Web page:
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However, there are a few drawbacks to the design, one of which affects the weather sealing on the lens. The push-pull design sometimes acts as a pump, drawing dust and moisture into the lens. Some users have complained that using the lens has resulted in dust settling on their camera sensors. Since the mechanism cannot support full weather sealing, the lens should be protected from showers, dampness and humidity at all costs.

Thankfully, as with all other L-series lenses, Canon engineers have treated the lenses with a special coating to inhibit the growth of mold, reducing the need to sending the lens to the cleaners on an annual basis.

The Canon 100-400 f/4.5-5.6L IS USM comes in white, a color which is quickly recognized by photographers as a professional-grade Canon lens. Some users don’t like the way the lens stands out in a crowd. The real reason behind the choice of color was to help reduce the amount of heat the lens exhibits when used in direct sunlight. The fluorite element is sensitive to heat and the white color helps to protect the lens element from damage.

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The Canon 100-400 f/4.5-5.6L IS USM utilizes the ET 83C lens hood. I personally prefer the petal-shaped hoods, but that’s just personal preference.

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The tripod ring is the same one found on other Canon white lenses. Unlike the Sigma tripod ring which offers some grip, the Canon ring is a little small and is impractical to grip in the field. Holding the lens in the hand and rotating the shoe upwards while on the move is a much more preferred option among users.

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The lens ships in a padded nylon bag. It is the same bag which the Canon company issues with other telephoto lenses such as the Canon 70-200 series and the 28-300 lens. Notice how compact the lens is once it is retracted to 100 mm?

For more detailed information on the lens, please refer to the sites listed in the links section below.

Focal Range Sample

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Focal lengths follow the guide numbers imprinted on the lens.

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In the Field

Before we begin, we would like to extend our sincere appreciation to Mr. Hans Van den Brink for allowing us to use his excellent copy of this lens for this review.

For our test we paired the Canon 100-400 f/4.5-5.6L IS USM with a Canon 7D as well as the older Canon 40D. We photographed birds in a number of forest and open-country habitats throughout southern and western Thailand over a period of 10 days. Here are our thoughts on the lens:

FACT: In the field, the Canon 100-400 f/4.5-5.6L IS USM is a lens which comes very close to hitting all the right buttons.

– To start things off, we absolutely LOVE this lens! It’s everything it was touted to be and more. The lens performs as expected; it focuses very fast and accurately, making it perfect for bird photography.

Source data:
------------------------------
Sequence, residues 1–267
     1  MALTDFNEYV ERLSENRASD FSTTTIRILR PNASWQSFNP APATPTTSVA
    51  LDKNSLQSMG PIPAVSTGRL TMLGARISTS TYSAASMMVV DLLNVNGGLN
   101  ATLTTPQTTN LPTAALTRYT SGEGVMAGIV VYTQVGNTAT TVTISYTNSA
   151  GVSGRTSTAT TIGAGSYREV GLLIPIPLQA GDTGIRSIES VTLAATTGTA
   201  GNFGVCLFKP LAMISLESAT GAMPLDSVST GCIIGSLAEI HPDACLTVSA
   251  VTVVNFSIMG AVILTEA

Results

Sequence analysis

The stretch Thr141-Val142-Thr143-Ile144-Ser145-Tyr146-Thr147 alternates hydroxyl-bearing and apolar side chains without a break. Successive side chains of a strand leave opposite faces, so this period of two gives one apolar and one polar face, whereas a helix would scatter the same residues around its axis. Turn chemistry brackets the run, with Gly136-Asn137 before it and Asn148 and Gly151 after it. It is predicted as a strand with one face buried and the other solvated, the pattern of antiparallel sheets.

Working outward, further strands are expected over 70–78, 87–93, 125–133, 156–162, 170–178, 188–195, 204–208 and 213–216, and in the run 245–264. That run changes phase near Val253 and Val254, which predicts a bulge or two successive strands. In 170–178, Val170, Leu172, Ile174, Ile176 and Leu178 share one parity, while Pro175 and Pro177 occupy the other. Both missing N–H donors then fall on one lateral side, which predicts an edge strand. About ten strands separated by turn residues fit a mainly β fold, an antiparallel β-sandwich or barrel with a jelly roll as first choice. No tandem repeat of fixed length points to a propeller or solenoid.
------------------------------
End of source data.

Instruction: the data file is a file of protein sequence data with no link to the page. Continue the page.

For our first test we chose a stable setting under the most favorable conditions possible: shooting birds from a hide. The USM focusing system operated quickly and quietly and we had no trouble capturing our subjects, be it the cumbersome Blue Whistling Thrush or the erratic Streaked Wren Babbler.

Blue Whistling Thrush -Photo by Ike Suriwong

There was no need to adjust the color or contrast settings on the camera; set on neutral or faithful, the lens rendered the colors accurately and beautifully.

Our next test was to see the functionality of the focusing system and IS in panning mode, without a tripod. We attempted to photograph Grey Treepie flying from one tree to another. We found the lens’ autofocus system accurately focused on the moving subject (flying birds) on almost all occasions when shooting in burst mode. My “keeper” rate for this lens was very good; I’d reckon at least 94% of the photos I took in Al Servio mode were in focus all the time.

Photographing birds in an open area or just snapping photos from the car window was a breeze. With proper lighting (sunny day or slightly overcast) the lens worked well. Pictures were sharp and clean and background blur created by the 8-blade aperture was sensational.

Blue Rock Thrush -Photo by Ike Suriwong

Our next test was the toughest of all: photographing under the canopy in the forest.

Photographing under the canopy on a sunny day is not too bad. However, we find that in most circumstances, we end up shooting birds under the canopy of a Southeast Asian rainforest, which is usually dark and murky, making it a challenge for any photographer. Even more problematic is the fact that some provinces in Thailand face rain and overcast skies for up to 10 months out of the year.

As was expected, we experienced grey skies with hints of rain during our test period.

Wide open at 400 mm the lens has an aperture of 5.6 – slow by most standards. In order to get decent shots I was forced to switch to full manual and pump the ISO to 800 while kicking the speed to a minimum of 1/160 of a second, just to get focused shots of my quarry.

Remember, IS increases hand-holdabilty; it does not freeze the subject. You need a fast shutter speed for that.

Looking at my photos after a day in the hides, most of my pictures turned out looking like this:

A Siberian Blue Robin "in the dark".

-That’s where we had to turn to our photoshopping abilities for help.

In some situations we were forced to crank the ISO up to 1600 to get a shot “for the record”. –Like this one of the Red legged Crake:

Red legged Crake -Photo by Ike Suriwong

As you can see, the result is not something you’d want to post on your wall for friends and relatives to gaggle over.